Prostate cancer prognosis and survival rates

Steve Silvestro, MD - Contributor Avatar

Written by Chimene Richa, MD 

Steve Silvestro, MD - Contributor Avatar

Written by Chimene Richa, MD 

last updated: Nov 15, 2021

3 min read

Prostate cancer is one of the most feared diagnoses in men. It’s the most common cancer for men aside from skin cancer—about 1 in 8 men will be diagnosed with it in their lifetime. It’s also the second leading cause of cancer death in American men following lung cancer, according to the American Cancer Society. In the United States, it’s estimated that there will be 248,530 new cases of prostate cancer diagnosed in 2021 and 34,130 men will die from the disease (ACS-a, 2021). 

While that sounds grim, prostate cancer survival rates show that most men will not die from the disease. Early detection of prostate cancer makes it very treatable. 


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Survival rates for prostate cancer

The overall 5-year relative survival rate for prostate cancer in the United States is 98%. This means that if you combine the survival rates for all stages of prostate cancer, men with it are 98% as likely as those without the disease to be alive five years following diagnosis (ACS-b, 2021). 

That’s a pretty good statistic compared to other cancers. For example, the overall 5-year survival rate for pancreatic cancer—one of the most aggressive cancers out there—is only 10%. Typically, survival statistics are broken down based on how advanced the cancer is. In most cases, the more aggressive or advanced the disease (meaning it’s spread to other parts of the body), the lower the survival rate. 

The same is true for prostate cancer. There are many different ways for healthcare providers to describe how aggressive a cancer is at diagnosis. Here is how prostate cancer is grouped, according to the National Cancer Institute’s Surveillance, Epidemiology, and End Results Program (SEER) (ACS-b, 2021):  

  • Localized: Cancer has not spread beyond the prostate. In this early stage, treatment is often successful.

  • Regional: Cancer has spread outside of the prostate to adjacent structures and lymph nodes.

  • Distant: Also called metastatic prostate cancer, this is the most advanced stage of disease. It means the cancer has spread to distant parts of the body, including the bones, liver, and lungs. 

Here’s a look at the 5-year survival rates for men with prostate cancer, based on SEER’s database information.

OC Prostate cancer prognosis and survival rates image e9d61d4a-d774-4770-b72c-2ad5249ad3f1

What do cancer survival rates mean? 

For people with cancer, these statistics are more than just numbers. When someone gets a cancer diagnosis, hopes and fears are often projected into survival rate statistics. 

As we mentioned, cancer survival rates describe the percentage of people still alive five years after their initial diagnosis. For example, if the 5-year survival rate for a specific stage of cancer is 50%, it means whoever has that cancer is 50% as likely as someone without it to live for at least five years after being diagnosed.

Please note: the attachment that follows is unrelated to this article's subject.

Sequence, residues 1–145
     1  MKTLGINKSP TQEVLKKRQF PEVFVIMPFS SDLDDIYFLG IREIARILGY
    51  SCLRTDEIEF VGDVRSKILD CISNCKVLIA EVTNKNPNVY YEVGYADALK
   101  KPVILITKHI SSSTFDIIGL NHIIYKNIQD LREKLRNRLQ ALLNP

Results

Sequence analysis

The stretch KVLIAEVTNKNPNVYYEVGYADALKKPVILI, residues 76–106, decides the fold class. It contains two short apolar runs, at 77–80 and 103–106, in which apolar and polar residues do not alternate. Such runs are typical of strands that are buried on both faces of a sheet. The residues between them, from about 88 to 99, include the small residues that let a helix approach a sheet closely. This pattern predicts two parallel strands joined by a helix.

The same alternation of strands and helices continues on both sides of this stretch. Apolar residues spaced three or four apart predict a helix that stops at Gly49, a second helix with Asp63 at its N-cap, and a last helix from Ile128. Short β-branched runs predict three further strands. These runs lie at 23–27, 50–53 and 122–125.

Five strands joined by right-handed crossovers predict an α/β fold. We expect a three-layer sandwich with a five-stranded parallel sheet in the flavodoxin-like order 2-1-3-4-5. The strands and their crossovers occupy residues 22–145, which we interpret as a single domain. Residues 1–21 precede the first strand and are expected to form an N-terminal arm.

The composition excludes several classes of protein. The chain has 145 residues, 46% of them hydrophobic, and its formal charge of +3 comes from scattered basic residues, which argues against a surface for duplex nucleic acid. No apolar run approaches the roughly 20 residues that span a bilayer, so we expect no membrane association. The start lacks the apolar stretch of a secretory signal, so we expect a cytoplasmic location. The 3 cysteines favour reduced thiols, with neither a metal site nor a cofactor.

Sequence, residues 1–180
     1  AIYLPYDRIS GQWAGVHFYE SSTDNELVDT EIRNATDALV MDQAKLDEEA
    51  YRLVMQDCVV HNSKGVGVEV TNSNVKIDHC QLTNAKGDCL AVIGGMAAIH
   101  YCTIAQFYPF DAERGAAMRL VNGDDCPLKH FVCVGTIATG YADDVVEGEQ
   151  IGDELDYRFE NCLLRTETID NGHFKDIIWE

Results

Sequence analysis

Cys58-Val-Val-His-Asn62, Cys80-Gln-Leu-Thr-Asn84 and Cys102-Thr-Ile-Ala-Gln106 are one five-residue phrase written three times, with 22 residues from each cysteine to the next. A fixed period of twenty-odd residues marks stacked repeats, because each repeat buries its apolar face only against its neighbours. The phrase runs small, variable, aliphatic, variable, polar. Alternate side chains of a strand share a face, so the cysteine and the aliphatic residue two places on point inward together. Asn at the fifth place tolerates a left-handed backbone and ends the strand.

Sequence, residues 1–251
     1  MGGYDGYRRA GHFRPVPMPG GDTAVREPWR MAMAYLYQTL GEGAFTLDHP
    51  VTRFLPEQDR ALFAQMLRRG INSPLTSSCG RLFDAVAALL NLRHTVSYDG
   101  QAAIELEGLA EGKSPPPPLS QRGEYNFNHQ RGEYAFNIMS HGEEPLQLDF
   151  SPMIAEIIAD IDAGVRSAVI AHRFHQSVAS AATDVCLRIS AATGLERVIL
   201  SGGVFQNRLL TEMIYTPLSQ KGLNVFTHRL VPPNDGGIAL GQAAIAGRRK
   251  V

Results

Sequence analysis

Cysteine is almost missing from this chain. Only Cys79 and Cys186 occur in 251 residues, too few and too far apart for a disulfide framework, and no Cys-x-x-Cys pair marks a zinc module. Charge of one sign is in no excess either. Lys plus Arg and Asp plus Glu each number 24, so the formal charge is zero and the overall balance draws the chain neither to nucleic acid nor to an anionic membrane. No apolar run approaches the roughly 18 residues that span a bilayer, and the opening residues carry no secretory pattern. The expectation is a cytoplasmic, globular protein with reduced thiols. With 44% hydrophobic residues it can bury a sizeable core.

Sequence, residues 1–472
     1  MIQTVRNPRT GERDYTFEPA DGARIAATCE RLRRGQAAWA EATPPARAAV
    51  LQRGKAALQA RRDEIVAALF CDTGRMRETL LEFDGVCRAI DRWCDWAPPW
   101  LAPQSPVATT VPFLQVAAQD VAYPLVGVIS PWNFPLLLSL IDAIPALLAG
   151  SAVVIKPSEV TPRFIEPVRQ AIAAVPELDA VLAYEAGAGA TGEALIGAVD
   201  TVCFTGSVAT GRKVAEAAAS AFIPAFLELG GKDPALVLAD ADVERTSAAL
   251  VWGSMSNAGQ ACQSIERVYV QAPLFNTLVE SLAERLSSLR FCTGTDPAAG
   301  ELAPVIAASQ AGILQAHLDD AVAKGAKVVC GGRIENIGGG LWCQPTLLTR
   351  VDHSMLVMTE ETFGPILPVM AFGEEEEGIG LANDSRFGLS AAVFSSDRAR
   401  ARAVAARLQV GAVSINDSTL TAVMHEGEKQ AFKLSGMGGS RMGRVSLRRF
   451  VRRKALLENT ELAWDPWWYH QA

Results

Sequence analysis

Whatever statistics you read online, be aware that these numbers come from studies with large numbers of people. They can’t predict future health or well-being for just one person as each individual responds to cancer and treatments for it differently. That also means some men recently diagnosed with prostate cancer may have an even better outlook than the numbers indicate. 

Remember: survival rates for prostate cancer are not a definitive prediction. The numbers merely reflect the trends seen in other men in similar stages of disease. Survival rates also don’t take prostate-specific antigen (PSA) levels, response to prostate cancer treatment, or progression of disease into account. 

It’s important to remember that prostate cancer can be a serious disease, but most men diagnosed with prostate cancer do not die from it. More than 3.1 million men in the United States who have been diagnosed with prostate cancer at some point are still alive today.

Prostate cancer survival rate numbers can be confusing and may leave you with more questions. It is essential to discuss your particular situation with a healthcare provider who can help you understand your condition and work with you to develop a treatment plan.


If you have any medical questions or concerns, please talk to your healthcare provider. The articles on Health Guide are underpinned by peer-reviewed research and information drawn from medical societies and governmental agencies. However, they are not a substitute for professional medical advice, diagnosis, or treatment.

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Every article on Health Guide goes through rigorous fact-checking by our team of medical reviewers. Our reviewers are trained medical professionals who ensure each article contains the most up-to-date information, and that medical details have been correctly interpreted by the writer.

Current version

November 15, 2021

Written by

Chimene Richa, MD

Fact checked by

Steve Silvestro, MD

About the medical reviewer

Dr. Steve Silvestro is a board-certified pediatrician and Associate Director, Clinical Content & Education at Ro.